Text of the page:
• Opined in obiter comments that the Hong Kong courts have a discretion not to set aside Awards even where a violation of Article 34(2)(a) is established (Article 34(2) refers to the circumstances in which an Award “may” be set aside), if it is satisfied that the result could not have been different.
  • Held that the burden is on the applicant wishing to set aside an Award to show that it had been, or might have been, prejudiced by the conduct of the Tribunal.


The CFA's refusal to grant leave to appeal


On 19 February 2013, the CFA refused to grant leave for Pacific China to appeal against the judgment of the Court of Appeal. 


After the Court of Appeal itself had declined in June 2012 to grant leave to appeal from its judgment, Pacific China had applied directly to the CFA for leave pursuant to Section 22(1) of the Hong Kong Court of Final Appeal Ordinance, arguing that it was entitled to appeal both “as of right” and because the case involved questions of “great general or public importance”.


The CFA did not accept that Pacific China was entitled to be granted leave to appeal, and dismissed the application.  In setting out the reasons for its decision, the CFA firmly endorsed the Court of Appeal's judgment, stating that:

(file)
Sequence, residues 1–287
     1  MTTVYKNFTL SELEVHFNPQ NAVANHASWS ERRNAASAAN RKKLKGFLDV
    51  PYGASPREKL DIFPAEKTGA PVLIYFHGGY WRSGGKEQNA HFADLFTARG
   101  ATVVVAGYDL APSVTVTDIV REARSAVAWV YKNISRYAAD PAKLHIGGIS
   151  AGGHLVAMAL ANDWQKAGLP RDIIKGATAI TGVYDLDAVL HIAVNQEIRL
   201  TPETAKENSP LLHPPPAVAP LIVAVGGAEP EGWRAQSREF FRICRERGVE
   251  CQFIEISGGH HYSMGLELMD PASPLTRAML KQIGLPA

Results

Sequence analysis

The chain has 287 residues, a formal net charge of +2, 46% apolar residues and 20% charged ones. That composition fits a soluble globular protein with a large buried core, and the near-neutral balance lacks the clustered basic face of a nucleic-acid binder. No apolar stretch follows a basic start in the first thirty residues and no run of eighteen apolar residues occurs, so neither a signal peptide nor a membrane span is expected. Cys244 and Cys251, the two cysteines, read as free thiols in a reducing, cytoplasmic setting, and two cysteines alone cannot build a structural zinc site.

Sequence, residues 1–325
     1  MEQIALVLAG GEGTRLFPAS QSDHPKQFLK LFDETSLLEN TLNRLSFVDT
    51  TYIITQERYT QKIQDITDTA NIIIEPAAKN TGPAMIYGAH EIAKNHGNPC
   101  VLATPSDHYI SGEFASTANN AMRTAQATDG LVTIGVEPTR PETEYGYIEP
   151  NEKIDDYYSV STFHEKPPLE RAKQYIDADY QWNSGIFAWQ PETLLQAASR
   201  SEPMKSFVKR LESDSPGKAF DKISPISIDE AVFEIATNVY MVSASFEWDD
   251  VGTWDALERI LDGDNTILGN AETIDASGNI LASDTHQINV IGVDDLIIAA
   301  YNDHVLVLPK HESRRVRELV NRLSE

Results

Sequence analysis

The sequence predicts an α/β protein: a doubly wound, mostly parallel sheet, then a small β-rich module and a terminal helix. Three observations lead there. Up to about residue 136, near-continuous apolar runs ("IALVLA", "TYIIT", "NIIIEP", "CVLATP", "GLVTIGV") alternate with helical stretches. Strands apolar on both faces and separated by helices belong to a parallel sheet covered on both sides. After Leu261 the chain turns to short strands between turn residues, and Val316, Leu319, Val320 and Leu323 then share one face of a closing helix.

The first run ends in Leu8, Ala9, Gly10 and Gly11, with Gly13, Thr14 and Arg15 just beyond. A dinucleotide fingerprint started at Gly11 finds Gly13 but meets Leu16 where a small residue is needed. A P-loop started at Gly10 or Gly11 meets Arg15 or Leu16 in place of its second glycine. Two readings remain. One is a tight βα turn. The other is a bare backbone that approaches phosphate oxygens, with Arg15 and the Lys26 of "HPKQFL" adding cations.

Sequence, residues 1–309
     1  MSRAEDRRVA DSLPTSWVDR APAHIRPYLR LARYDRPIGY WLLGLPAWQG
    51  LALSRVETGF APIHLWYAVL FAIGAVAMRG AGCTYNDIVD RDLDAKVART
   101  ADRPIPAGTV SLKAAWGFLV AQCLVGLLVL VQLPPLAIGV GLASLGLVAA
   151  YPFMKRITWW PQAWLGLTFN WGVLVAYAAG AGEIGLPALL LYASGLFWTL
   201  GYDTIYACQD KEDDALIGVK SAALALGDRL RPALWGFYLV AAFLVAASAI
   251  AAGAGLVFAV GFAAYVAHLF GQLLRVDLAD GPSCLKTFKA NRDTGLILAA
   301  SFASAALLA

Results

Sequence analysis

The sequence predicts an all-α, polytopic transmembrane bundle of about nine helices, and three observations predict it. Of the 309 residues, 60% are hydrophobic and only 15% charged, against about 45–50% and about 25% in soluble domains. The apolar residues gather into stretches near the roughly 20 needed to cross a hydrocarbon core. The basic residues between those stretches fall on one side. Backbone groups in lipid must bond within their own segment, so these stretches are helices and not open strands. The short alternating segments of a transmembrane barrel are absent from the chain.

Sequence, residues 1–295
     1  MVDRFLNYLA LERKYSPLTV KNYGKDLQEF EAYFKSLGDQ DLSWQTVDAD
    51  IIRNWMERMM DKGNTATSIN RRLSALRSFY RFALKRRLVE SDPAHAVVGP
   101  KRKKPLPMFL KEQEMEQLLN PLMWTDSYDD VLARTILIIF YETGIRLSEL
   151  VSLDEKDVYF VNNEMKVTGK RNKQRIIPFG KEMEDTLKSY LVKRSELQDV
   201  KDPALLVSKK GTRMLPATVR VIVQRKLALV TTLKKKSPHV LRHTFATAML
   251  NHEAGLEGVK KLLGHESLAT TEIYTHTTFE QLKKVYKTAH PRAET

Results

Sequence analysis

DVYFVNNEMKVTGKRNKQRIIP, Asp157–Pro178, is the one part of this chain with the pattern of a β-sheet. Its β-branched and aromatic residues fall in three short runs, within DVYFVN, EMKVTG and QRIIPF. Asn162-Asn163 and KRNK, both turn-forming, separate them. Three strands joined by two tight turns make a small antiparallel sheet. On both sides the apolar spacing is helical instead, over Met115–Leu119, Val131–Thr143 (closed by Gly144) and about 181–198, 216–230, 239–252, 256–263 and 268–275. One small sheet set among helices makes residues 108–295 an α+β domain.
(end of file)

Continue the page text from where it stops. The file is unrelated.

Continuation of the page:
"In our view, the Court of Appeal was entirely correct to hold that the complaints advanced by PCH do not constitute viable grounds for setting aside the award under the aforesaid provisions. The rulings complained of were made by the tribunal in the proper exercise of its procedural and case management discretions, reflecting its assessment of the requirements of procedural fairness as appropriate to the circumstances. There is no basis for interference by the Court. No reasonably arguable basis has been disclosed for granting leave to appeal."




The decision of the CFA brings welcome certainty to the law in relation to the setting aside of arbitral Awards in Hong Kong. The confirmation by the Court of Appeal of the threshold which a party must meet in order to establish a violation of Article 34(2) on due process grounds provides reassurance that the Hong Kong courts will not lightly interfere with the procedural discretion of arbitral Tribunals seated in Hong Kong, including the exercise of that discretion to take robust case management decisions where appropriate. The Court of Appeal's judgment should therefore discourage parties from pursuing unmeritorious challenges to arbitral Awards in Hong Kong, particularly in light of the separate judgment of the Court of Appeal as to costs in this case. In its judgment on costs, the Court of Appeal applied caselaw to the effect that, where a party unsuccessfully applies to set aside an Award, it should in principle expect to pay costs on a higher basis than normal, because a party seeking to enforce an arbitral Award should not have to contend with such a challenge.


Both decisions of the Court of Appeal underline the Hong Kong courts’ long-standing support for arbitration and indicate that they will be slow to interfere with the procedural decisions of Tribunals and with arbitral Awards. They are likely to be influential in other UNCITRAL Model Law jurisdictions as well.


herbert smith Freehills